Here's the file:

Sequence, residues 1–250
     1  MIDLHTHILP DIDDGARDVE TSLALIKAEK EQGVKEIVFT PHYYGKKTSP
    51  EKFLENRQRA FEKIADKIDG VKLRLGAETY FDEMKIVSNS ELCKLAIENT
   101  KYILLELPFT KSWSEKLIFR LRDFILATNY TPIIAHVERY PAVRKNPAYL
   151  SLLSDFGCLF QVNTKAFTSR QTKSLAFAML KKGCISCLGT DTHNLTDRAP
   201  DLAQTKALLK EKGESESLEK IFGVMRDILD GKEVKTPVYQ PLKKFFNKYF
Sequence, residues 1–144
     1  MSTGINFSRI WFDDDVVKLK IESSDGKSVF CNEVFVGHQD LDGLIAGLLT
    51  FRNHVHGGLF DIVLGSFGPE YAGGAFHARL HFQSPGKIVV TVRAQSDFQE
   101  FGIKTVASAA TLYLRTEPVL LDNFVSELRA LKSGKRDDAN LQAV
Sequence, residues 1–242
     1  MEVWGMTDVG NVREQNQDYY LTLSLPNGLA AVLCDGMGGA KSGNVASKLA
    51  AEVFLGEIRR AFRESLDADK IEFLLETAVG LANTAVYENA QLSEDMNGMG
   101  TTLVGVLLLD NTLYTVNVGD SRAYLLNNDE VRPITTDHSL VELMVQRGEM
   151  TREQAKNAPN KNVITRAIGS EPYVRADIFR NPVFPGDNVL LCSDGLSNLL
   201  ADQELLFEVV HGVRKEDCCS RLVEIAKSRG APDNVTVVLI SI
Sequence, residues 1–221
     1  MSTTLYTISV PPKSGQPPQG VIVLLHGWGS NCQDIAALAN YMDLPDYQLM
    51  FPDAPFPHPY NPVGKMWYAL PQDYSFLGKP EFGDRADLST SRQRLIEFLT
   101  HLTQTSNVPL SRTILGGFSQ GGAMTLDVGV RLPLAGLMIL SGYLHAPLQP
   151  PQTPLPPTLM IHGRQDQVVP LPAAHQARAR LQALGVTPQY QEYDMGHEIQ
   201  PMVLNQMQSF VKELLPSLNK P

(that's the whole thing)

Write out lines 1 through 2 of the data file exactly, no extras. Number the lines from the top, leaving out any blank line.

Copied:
Sequence, residues 1–250
     1  MIDLHTHILP DIDDGARDVE TSLALIKAEK EQGVKEIVFT PHYYGKKTSP